Brass with a Spanish flair tonight at BYU-Idaho

Courtesy photo The Spanish Brass quintet is known for its clear sound, technical expertise and energetic performances.

Carlos Benetó always dreamed of a career in music.

“I come from a musical family,” Benetó said. “My parents enrolled me in music lessons when I was little. I think I’ve always wanted to be a musician. That has been my passion for as long as I can remember.”

Benetó has spent much of his life perfecting his craft. The fruits of all that labor will be on display tonight, when Benetó and Spanish Brass perform at Barrus Concert Hall at Brigham Young University-Idaho. The concert begins at 7:30 p.m.

Spanish Brass is known for its clear sound, technical expertise and energetic performances.

“We focus on playing tight, clean music,” Benetó said. “We draw a lot of influence from traditional Spanish music, which at times can have a very proud sound to it, with short, fast, notes. Even when we’re playing jazz pieces, or something by Bach, I think you can still hear those Spanish influences in our music, especially in the trumpets.”

Don Sparhawk, Center Stage and performance tours coordinator, said the group also conducted clinics this week for BYU-Idaho music students.

“Seeing Spanish Brass perform is highly recommended,” Sparhawk said. “We wanted to bring in a top group for a classical music performance and Spanish Brass is just that. They are one of the top brass quintets in the world.”

In addition to Benetó, the group features Juanjo Serna on trumpet, Inda Bonet on trombone, Manolo Pérez on French horn and Sergio Finca on tuba — all are from Valencia, Spain.

“We were all members of the Spanish National Youth Orchestra,” Benetó said. “At the time, the orchestra was playing pieces by Brahms. Brahms didn’t write very much for brass, so the five of us found some music for brass quintets from the orchestra’s library and started playing together for fun.”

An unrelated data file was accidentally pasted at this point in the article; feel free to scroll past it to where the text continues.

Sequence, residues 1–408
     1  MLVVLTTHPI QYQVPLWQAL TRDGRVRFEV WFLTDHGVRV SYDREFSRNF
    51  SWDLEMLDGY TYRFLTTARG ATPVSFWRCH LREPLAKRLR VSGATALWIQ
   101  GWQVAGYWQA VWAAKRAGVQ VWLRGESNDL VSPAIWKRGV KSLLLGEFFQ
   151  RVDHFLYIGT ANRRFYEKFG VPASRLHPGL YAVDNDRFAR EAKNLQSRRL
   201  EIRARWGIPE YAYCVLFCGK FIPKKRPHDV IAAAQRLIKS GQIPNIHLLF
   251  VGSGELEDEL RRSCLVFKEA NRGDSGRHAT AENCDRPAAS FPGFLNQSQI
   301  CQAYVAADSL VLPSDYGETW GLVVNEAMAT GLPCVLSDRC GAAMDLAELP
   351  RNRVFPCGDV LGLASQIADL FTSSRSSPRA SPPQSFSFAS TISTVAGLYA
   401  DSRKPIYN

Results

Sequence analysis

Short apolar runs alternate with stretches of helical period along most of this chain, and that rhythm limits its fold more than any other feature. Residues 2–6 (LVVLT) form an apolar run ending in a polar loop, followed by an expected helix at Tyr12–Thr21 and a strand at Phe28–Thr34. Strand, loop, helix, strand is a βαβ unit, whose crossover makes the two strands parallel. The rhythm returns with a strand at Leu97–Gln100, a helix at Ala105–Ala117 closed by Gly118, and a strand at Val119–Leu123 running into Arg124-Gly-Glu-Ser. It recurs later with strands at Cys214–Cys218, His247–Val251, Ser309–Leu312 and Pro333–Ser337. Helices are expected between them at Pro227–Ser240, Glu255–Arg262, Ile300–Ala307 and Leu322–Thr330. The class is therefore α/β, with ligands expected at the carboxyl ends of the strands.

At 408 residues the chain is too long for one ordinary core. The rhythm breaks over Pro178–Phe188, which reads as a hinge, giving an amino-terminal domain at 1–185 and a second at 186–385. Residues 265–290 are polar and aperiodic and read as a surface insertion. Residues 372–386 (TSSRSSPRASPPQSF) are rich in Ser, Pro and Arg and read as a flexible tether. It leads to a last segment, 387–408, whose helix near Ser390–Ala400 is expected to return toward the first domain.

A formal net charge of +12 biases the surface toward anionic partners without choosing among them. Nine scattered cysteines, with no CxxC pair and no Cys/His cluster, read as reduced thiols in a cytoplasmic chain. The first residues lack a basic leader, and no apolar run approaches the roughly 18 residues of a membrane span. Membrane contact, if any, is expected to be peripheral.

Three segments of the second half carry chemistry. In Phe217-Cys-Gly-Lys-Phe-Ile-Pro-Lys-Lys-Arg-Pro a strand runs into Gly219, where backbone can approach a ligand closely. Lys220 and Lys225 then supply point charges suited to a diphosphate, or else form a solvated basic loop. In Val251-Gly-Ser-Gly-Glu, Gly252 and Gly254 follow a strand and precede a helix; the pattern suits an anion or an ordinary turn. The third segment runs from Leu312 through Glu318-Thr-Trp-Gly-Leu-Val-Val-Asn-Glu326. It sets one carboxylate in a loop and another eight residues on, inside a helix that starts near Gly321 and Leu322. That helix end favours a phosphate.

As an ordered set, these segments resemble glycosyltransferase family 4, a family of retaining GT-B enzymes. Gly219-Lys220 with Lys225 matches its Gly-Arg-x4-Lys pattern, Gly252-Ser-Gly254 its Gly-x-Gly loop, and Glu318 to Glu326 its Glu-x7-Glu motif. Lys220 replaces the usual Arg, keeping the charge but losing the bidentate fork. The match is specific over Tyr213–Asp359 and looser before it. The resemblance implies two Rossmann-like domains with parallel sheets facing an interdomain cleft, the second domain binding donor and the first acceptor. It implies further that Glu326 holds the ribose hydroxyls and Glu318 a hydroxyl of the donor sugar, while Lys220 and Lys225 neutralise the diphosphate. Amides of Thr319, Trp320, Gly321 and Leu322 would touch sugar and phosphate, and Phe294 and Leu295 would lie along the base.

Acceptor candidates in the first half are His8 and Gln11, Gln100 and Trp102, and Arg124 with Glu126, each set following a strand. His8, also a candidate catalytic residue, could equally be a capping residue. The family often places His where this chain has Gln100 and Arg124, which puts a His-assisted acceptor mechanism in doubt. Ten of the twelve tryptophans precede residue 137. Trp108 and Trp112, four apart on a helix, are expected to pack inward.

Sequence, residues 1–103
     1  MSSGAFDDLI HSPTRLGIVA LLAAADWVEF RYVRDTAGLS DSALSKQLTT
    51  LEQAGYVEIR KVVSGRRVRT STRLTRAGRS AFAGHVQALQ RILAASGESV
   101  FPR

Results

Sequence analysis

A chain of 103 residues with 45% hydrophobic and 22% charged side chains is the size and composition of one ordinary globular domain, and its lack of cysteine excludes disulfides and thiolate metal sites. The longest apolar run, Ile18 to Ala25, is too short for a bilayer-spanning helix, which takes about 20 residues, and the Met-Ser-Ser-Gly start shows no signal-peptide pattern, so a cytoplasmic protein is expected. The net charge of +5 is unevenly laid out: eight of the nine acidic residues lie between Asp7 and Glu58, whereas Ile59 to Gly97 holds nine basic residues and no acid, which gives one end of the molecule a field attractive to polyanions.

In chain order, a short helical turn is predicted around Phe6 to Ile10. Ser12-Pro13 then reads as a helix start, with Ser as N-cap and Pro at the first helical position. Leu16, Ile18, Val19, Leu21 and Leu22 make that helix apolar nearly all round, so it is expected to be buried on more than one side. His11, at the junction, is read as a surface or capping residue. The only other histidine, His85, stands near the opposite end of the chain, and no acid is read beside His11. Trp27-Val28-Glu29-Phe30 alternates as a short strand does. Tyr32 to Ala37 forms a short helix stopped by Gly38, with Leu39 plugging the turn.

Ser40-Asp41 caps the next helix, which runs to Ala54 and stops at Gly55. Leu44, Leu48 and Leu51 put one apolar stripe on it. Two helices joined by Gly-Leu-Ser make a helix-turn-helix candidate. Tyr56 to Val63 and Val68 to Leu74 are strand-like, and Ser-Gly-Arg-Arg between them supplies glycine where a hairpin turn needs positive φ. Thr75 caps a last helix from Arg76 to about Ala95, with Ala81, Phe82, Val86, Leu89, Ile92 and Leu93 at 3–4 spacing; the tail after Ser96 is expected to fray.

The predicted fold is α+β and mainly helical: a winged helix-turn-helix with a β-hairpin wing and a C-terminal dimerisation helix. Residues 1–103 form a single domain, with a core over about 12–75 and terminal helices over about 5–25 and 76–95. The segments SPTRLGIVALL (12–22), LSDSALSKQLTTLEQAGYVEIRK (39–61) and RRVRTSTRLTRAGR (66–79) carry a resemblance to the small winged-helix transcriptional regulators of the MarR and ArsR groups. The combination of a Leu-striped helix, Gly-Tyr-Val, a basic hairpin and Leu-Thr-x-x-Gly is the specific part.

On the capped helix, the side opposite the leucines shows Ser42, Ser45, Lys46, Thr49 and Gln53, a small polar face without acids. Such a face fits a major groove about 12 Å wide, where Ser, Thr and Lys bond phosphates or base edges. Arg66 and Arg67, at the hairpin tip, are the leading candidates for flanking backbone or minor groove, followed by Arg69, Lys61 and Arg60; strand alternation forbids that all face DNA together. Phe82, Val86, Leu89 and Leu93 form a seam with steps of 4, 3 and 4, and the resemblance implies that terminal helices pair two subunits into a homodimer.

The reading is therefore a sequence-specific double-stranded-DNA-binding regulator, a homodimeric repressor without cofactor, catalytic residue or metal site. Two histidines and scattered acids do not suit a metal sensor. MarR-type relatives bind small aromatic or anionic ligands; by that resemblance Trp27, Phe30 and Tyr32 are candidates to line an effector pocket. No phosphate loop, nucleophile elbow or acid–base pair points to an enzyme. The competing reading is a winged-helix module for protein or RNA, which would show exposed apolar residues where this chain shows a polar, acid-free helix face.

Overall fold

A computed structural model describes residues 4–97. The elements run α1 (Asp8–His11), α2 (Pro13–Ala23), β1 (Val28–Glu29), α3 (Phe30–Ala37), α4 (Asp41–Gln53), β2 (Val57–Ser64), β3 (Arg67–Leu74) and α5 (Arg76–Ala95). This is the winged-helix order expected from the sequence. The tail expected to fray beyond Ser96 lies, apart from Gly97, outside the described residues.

Initially, the quintet would perform for friends and other orchestra members. The group was well received.

In 1998, Spanish Brass recorded its first album and soon began touring. Today, the group plays more than 100 concerts a year, on average, Benetó said.

Tonight’s concert will feature a variety of music, including pieces by such classical composers as Johann Sebastian Bach, as well as 17th-century Spanish composers Tomás Bretón and Enrique Granados. They also are expected to play jazz pieces by Lee Morgan and Fats Waller.

Following its performance at BYU-Idaho, the group will return to Spain for a concert tour.

During each of its concerts, Benetó said the group works to engage the audience.

“We love to perform,” Benetó said. “Each show, the group tries to form a connection with the audience. When you’re on stage, doing a performance that really draws the audience in, is great. You can feel the performance come alive.”

Sparhawk anticipates an exciting evening.

“This will be a great show,” he said. “They are a very talented group and from what I’ve seen, they always seem to put on a great show.”